Community celebrations can be improvised happenings where the spirit of people and the energy of the landscape combine to produce an ecology of meaningful associations. Cultivating new ground for gatherings and productivity can also create a new local landmark. Re-visioning and re-shaping the everyday, into something unusual and fascinating, can be both an art form and form of social activism. Our landscape is influenced by nature and culture, and our relationship to places. Enacting rituals, improvising with others, sharing stories, poems, and social history, celebrates meaning within diversity.


Within the thoroughfares of everyday life, growth emerges. The intentions of many people produce happenings, and an adrenalin rush aimed at living within the pulse of a social naturescape. The eagerness by which community members (of all ages) participate in celebrations, is like a craving to be engaged more deeply with the people and landscapes that surround them. The desire to create, nurture and act out in public is a feature of community celebrations within everyday places. The local landscape is also the terrain of guerrilla gardeners and artists. What we pass by everyday can be a canvas for social action.


Common Ground Rules for Local Distinctiveness 

Local distinctiveness is about landscapes, buildings, customs, folklore, histories, art, diverse natures (biodiversity), languages, and the many ways people inhabit common lands.

The ephemeral and invisible are important too: customs, dialects, celebrations, names, recipes, spoken history, myths, legends and symbols. All these things are folded into identity. Localities are always open to outside influences, new people, ideas, activities,  and just as nature keeps experimenting, localities must face the paradox of persistence and change…Often it is the commonplace things, the locally abundant that we take for granted and let slip through our fingers (Sue Clifford and Angela King, Common Ground,



Refer to and click blogs for a list of case studies regarding community gardens including celebrations.

Common Ground is an arts and environment organisation championing local distinctiveness, popular democratic involvement, and celebration as the starting point for improving everyday places.


Blackrock Playground Garden Celebration, County Louth, Ireland

Peace Pilgrims Parade, St. Peter’s National School, County Louth, Ireland

The Tree Tribes Parade, Launch of National Tree Week in Ireland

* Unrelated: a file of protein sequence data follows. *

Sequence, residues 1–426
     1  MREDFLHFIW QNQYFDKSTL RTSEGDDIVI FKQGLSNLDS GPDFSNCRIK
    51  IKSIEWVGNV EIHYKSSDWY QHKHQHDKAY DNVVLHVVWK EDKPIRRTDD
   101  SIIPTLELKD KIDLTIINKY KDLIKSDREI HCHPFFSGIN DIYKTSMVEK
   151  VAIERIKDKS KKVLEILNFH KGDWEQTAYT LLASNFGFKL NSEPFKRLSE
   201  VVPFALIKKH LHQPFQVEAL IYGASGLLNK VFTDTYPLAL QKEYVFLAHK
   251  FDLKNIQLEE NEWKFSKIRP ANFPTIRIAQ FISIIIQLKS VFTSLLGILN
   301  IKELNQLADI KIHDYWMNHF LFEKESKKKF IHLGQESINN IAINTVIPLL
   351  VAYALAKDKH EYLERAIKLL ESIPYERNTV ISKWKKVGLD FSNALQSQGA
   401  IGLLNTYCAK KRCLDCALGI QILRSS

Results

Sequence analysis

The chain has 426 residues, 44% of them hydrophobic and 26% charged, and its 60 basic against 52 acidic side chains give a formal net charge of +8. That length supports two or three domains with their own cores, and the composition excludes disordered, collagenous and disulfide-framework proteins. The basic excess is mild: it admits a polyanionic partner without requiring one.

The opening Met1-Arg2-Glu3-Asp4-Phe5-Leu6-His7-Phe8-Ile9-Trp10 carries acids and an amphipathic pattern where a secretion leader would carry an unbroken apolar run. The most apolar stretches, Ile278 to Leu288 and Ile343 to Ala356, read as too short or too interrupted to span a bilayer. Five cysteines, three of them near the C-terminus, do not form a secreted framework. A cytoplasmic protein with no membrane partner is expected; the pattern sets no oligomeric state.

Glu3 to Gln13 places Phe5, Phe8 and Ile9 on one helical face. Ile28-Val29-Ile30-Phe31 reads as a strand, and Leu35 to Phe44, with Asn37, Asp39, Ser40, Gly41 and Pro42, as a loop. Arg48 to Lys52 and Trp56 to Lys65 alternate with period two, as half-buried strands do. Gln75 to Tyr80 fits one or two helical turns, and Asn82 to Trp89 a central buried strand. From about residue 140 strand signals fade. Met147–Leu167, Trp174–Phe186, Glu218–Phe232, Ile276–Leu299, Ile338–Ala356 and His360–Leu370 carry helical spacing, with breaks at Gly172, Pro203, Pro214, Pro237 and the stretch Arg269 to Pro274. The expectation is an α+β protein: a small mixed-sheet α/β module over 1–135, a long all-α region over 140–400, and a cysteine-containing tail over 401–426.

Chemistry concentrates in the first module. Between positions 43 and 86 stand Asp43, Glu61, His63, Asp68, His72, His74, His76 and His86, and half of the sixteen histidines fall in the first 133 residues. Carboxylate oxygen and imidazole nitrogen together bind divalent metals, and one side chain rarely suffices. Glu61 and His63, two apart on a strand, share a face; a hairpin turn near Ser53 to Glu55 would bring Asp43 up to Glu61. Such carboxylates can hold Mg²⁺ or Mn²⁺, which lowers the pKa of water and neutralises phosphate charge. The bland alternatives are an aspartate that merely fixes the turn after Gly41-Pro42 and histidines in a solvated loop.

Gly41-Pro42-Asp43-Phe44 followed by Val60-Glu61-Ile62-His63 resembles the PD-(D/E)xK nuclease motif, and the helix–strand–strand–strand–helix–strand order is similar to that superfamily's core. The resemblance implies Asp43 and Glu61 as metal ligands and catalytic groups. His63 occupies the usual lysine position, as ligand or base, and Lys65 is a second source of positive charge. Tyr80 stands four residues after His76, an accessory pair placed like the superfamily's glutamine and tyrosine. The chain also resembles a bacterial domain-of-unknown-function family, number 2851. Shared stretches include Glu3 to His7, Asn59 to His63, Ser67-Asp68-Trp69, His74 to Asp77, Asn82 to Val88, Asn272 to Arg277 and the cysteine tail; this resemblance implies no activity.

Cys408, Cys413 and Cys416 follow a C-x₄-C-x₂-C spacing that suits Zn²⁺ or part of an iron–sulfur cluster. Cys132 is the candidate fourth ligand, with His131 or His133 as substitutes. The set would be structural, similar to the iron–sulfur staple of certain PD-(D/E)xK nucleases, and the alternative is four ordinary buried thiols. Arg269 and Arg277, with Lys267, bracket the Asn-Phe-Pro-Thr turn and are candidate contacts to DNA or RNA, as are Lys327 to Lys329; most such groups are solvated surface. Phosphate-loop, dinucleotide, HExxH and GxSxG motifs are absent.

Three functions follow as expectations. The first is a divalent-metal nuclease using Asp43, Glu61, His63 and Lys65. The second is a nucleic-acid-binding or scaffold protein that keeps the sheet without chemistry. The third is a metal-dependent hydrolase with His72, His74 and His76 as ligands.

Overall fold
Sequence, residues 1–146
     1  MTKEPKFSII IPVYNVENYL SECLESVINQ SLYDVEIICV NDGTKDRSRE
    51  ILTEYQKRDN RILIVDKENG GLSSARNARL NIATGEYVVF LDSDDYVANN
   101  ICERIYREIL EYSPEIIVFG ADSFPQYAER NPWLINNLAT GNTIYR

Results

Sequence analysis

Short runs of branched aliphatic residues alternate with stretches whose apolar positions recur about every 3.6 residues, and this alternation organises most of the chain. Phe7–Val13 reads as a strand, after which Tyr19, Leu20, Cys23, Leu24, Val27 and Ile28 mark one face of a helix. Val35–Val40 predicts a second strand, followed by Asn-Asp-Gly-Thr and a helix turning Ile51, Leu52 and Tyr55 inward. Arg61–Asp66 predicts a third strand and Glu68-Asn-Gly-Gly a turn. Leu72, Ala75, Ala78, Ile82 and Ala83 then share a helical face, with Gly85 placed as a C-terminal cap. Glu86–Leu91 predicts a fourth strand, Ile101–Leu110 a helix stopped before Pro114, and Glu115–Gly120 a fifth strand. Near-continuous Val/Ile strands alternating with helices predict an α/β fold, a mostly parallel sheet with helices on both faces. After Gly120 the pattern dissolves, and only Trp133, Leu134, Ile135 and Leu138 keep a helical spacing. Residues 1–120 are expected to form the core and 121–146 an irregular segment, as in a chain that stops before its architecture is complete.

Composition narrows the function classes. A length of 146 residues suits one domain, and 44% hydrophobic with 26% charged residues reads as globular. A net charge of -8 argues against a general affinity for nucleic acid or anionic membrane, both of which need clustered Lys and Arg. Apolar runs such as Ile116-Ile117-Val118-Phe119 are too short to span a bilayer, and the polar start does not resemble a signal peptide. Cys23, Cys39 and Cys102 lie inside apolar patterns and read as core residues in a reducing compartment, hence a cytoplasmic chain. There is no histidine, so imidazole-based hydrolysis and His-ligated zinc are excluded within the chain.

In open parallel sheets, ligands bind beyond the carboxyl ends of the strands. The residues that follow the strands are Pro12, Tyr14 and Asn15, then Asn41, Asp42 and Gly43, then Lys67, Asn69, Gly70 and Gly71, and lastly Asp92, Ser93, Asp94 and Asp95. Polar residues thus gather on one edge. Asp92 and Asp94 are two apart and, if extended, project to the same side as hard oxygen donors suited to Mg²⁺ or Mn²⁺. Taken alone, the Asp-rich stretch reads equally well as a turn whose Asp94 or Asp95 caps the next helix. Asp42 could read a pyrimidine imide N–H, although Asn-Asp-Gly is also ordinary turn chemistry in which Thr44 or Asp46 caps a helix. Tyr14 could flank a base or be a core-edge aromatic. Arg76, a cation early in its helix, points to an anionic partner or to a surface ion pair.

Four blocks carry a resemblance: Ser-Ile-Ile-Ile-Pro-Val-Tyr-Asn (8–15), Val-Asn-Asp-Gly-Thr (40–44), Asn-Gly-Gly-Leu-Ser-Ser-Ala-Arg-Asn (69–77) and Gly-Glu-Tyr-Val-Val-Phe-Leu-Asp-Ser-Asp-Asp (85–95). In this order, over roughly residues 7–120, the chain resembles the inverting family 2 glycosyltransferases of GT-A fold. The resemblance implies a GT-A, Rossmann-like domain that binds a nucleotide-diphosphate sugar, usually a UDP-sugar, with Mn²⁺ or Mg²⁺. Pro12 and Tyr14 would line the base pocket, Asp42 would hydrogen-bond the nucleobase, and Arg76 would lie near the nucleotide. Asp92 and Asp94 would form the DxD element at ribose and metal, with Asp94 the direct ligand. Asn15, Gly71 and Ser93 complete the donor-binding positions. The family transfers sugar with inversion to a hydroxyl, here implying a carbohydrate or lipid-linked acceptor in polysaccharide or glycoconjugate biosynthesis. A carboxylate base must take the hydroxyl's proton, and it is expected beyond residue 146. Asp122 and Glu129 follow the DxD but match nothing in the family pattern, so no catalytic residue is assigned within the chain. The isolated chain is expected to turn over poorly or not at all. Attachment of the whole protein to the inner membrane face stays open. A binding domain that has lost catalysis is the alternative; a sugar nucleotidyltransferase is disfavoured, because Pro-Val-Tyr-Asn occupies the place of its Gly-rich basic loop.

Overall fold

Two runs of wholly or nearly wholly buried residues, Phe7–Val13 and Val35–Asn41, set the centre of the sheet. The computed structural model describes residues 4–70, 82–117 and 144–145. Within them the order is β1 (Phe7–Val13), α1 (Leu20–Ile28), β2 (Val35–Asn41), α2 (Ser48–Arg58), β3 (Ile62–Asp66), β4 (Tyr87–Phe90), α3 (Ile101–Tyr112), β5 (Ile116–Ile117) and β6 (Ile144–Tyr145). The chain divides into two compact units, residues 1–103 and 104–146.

According to Gilles Deleuze and Felix Guattari art produces intensities, sensations and affects. Art generates routes of desires, and forces of becoming. Art takes us somewhere, and this somewhere operates like a network of potential. The idea of movement and travel feature in this understanding of art. Art makes territories that allow us to encounter more of ourselves and the world at large. A territory has a particular resonance, location and spatial dimension. Each artwork adds on to subjectivity, so that we are a network of ands. The specific qualities of an artwork lead us on, we become more than we thought, each is an act of becoming.


Each form of life, and each cultural form, undertakes its own mode of organisation, its own connections of body and earth (Elizabeth Grosz, Chaos, Territory, Art: Deleuze and the Framing of the Earth).

Everyone lives out a community of influences, their many territories of life, which compose intricate folds of representation. Each individual is a collectivity, an arrangement of relationships, a force within changing circumstances.

Deleuze and Guattari use the term rhizome to imagine the simultaneous growth happenings within our multiple territories of influence. A rhizome is an underground stem which travels across many different areas of growth. The rhizome is an ecological term, it describes areas of habitat which accommodates a cartography of growth.  A rhizome grows in many different kinds of spaces, and if severed will bring forth new shoots of growth. It is an expansive force, continually in a state of becoming.

Becomings belong to geography, they are orientations, directions, entries and exists (Gilles Deleuze and Claire Parnet, Dialogues).

Within a larger community of individuals, Delleuze and Guattari believe our movements in between each other are significant. It is not about looking at where we are going, but how we act within our relationships along our routes of travel that characterize our sense of becoming. The ability to spread ourselves across common territories of activity, and to derive from this experience a greater expansiveness, is to be open to opportunities at thresholds. Art therapy does not arrive at a destination, it crosses paths with different kinds of encounters that influence the making of additional territories of life.


Gilles Deleuze and Felix Guattari